(NPR) — The ride-hailing company Uber made its stock market debut on Friday, and promptly saw share prices dip slightly.
Months ago, there was speculation the company could be valued as high as $120 billion. Instead, the company took a more conservative approach — relatively speaking, anyway.
Uber priced its shares at $45, the lower end of the possible range, aiming for a total diluted market value of about $82 billion. After a delay of two and a half hours, trading started with the stock at $42, down more than 6 percent over that initial price.
The company's pricing reflected a relatively conservative approach for this initial public offering. A few months ago, analysts were expecting Uber's IPO to be far bigger than this. A $100 billion valuation was seen as reasonable — some even floated $120 billion.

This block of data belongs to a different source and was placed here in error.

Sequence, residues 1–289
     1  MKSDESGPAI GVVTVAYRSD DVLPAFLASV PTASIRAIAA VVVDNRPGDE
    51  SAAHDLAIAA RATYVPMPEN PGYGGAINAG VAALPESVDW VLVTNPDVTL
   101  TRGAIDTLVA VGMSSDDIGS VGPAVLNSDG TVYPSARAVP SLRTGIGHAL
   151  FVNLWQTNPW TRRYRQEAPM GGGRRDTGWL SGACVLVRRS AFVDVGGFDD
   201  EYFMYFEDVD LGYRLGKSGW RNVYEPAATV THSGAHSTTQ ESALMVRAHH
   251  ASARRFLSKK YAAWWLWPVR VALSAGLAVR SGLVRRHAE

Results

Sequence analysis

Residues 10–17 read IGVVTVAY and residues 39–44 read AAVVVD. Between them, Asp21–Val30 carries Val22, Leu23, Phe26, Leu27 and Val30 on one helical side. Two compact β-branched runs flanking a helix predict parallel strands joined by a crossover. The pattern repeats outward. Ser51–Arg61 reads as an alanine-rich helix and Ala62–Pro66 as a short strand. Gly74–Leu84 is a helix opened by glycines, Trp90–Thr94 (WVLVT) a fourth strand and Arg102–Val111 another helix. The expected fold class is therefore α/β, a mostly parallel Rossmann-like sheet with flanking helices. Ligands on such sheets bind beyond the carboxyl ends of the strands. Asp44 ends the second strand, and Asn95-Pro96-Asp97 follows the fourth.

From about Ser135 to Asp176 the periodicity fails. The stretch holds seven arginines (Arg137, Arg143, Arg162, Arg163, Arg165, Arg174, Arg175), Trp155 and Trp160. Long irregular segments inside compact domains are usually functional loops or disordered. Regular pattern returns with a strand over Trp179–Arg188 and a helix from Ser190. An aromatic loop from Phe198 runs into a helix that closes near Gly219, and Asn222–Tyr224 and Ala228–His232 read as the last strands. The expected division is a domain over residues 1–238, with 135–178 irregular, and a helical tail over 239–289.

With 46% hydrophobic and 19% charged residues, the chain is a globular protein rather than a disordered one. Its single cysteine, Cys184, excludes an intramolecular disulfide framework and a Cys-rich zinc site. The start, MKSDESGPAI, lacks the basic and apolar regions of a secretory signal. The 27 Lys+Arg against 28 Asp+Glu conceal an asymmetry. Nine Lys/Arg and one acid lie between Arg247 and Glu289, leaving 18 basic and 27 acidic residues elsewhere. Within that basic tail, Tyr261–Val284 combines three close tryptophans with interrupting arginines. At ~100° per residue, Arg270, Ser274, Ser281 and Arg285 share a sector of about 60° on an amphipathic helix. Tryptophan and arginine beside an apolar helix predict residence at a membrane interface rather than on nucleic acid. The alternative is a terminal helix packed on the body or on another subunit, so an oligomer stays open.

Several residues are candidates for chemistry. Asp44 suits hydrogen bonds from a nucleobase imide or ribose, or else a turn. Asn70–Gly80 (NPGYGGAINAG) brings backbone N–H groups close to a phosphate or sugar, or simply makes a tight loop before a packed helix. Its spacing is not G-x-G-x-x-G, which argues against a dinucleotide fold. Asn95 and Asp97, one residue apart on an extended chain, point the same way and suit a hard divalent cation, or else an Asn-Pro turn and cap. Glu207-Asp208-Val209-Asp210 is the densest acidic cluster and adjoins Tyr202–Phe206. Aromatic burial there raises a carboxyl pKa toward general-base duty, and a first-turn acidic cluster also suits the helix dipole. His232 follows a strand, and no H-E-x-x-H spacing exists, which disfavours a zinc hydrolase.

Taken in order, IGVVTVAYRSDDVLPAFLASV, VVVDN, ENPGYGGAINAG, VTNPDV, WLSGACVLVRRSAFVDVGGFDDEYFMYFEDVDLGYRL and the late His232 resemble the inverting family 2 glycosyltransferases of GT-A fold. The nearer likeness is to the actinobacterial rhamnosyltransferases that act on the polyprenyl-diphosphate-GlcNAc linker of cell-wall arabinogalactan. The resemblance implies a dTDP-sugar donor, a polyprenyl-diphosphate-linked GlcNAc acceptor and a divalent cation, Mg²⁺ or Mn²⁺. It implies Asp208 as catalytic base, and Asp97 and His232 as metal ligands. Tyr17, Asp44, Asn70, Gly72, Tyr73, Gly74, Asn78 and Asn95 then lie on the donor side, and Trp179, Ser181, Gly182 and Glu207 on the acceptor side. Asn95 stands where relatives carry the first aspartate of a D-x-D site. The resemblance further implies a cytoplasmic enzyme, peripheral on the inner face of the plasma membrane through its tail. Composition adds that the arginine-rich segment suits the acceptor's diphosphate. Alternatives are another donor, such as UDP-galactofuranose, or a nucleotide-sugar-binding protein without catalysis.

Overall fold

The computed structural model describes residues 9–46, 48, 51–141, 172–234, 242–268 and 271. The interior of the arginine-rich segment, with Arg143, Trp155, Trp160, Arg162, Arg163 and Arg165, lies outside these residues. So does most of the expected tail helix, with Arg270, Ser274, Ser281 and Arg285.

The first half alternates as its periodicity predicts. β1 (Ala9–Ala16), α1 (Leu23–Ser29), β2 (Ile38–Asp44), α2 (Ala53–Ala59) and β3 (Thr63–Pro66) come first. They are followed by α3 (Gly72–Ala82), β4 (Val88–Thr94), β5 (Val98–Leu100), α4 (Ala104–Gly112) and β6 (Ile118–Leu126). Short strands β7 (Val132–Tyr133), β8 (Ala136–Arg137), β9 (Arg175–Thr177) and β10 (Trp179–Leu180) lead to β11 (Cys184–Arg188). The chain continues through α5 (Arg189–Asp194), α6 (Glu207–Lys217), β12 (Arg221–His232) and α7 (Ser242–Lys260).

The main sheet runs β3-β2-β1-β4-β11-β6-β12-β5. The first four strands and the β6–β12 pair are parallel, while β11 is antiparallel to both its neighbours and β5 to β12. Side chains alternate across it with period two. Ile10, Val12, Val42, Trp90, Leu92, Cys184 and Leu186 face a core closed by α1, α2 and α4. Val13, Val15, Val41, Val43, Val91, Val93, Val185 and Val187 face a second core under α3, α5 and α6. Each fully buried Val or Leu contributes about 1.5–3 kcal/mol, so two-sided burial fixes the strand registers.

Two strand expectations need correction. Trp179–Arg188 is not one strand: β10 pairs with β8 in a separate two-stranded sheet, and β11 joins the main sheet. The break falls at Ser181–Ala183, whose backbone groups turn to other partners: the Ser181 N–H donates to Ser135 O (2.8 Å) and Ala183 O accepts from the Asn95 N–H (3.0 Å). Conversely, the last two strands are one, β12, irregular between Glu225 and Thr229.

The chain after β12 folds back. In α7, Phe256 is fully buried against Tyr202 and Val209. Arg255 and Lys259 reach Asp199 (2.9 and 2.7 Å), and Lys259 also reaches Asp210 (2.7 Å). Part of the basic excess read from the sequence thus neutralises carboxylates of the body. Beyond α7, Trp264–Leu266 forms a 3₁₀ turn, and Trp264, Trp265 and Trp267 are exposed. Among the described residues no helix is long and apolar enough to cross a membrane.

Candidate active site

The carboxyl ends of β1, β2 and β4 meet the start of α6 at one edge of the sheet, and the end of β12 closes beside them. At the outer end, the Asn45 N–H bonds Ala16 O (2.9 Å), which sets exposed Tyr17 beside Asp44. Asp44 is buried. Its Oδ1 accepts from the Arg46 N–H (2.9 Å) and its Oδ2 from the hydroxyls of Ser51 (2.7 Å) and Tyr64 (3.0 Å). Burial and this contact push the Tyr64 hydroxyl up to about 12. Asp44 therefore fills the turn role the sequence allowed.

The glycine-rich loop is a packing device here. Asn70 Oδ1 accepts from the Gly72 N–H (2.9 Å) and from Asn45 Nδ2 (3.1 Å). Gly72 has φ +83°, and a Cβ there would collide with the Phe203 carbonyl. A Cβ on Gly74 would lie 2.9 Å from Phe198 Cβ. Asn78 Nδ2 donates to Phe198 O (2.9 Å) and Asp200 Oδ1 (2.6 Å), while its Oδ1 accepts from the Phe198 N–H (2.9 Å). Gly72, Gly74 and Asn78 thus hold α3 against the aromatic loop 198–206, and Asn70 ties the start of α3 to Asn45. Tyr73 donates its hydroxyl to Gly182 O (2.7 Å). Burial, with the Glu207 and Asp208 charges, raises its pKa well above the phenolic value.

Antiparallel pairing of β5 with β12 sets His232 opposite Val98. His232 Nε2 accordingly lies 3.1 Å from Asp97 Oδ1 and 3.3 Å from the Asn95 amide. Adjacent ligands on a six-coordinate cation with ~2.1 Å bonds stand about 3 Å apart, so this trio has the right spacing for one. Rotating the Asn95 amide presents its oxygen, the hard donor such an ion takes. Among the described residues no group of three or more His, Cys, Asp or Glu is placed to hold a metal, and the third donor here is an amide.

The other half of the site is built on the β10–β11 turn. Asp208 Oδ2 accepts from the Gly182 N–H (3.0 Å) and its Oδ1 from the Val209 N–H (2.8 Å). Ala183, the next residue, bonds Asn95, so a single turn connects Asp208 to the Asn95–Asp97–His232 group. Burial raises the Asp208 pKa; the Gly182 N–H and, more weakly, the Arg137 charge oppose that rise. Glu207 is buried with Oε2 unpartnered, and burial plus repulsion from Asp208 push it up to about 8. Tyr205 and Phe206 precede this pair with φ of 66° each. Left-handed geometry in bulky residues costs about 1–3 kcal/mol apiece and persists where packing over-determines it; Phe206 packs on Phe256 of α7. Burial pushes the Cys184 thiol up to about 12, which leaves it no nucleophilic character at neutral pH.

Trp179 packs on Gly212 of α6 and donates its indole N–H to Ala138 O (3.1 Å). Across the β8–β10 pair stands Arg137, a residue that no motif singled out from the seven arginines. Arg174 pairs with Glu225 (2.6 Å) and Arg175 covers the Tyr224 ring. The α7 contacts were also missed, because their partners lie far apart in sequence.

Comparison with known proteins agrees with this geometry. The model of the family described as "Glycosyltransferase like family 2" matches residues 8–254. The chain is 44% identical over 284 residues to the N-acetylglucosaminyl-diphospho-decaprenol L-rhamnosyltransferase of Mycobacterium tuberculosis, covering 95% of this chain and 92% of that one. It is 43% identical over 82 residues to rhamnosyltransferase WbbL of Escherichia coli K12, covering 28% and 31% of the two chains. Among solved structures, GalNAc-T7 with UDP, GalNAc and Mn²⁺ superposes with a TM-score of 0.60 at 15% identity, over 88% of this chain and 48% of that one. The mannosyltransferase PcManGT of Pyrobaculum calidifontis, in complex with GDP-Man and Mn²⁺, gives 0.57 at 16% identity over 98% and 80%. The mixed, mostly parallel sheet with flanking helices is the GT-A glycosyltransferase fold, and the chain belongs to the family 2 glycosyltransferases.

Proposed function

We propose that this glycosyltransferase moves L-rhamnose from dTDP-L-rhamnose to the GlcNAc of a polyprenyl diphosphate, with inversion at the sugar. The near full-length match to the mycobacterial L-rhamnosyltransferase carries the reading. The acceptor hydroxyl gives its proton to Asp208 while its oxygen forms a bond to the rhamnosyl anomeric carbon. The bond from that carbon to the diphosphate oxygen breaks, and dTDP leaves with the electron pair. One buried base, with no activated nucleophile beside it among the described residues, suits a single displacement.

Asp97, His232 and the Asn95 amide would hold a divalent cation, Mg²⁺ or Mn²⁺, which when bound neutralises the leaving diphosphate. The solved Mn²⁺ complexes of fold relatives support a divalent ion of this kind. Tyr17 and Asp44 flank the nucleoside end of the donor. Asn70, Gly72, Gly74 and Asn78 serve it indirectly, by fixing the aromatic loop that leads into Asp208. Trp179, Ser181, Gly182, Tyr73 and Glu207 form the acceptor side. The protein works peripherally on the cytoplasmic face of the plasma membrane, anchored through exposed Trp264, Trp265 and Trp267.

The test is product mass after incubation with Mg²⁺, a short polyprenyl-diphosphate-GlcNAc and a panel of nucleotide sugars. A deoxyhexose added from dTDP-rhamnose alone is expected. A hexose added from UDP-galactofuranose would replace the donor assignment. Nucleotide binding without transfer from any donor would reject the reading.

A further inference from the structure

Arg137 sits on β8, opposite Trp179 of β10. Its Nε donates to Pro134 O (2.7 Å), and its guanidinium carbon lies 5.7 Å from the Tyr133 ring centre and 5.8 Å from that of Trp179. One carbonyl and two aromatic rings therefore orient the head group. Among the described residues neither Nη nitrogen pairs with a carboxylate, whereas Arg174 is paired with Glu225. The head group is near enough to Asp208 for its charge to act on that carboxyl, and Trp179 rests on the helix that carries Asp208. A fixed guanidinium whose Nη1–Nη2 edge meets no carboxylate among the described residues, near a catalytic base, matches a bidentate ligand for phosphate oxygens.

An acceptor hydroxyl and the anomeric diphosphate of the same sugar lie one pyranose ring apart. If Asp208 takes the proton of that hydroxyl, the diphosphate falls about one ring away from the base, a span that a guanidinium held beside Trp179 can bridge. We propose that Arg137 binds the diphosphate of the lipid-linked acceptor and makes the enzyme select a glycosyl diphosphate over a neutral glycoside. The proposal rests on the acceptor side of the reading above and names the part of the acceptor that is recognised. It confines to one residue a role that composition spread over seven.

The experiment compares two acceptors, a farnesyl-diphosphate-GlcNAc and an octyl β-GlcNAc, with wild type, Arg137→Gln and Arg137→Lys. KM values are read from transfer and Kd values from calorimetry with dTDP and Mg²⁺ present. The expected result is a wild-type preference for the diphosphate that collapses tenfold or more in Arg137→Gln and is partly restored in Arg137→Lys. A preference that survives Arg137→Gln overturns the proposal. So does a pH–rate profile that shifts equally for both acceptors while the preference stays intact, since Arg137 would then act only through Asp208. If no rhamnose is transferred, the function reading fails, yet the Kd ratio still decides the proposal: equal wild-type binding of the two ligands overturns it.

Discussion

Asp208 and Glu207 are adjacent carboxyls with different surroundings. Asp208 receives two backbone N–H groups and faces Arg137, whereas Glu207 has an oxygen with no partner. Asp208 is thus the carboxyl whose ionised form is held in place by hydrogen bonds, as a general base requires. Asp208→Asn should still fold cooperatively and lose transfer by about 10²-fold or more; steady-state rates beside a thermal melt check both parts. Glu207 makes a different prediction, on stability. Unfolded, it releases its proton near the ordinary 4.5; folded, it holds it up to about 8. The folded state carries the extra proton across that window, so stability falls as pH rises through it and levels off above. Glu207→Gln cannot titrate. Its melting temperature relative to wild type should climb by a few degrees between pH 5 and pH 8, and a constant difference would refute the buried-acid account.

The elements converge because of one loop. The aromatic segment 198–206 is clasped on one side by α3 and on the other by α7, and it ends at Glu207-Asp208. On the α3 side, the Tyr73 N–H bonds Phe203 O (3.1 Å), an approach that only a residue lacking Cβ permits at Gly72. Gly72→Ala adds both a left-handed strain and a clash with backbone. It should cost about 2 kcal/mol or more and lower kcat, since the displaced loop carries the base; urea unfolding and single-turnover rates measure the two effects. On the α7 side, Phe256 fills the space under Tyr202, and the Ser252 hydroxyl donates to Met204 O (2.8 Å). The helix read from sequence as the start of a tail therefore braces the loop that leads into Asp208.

Still, this is the largest U.S. initial public offering since Alibaba's record-setting IPO in 2014.
Uber, which has never turned a profit, raised $8.1 billion in the IPO.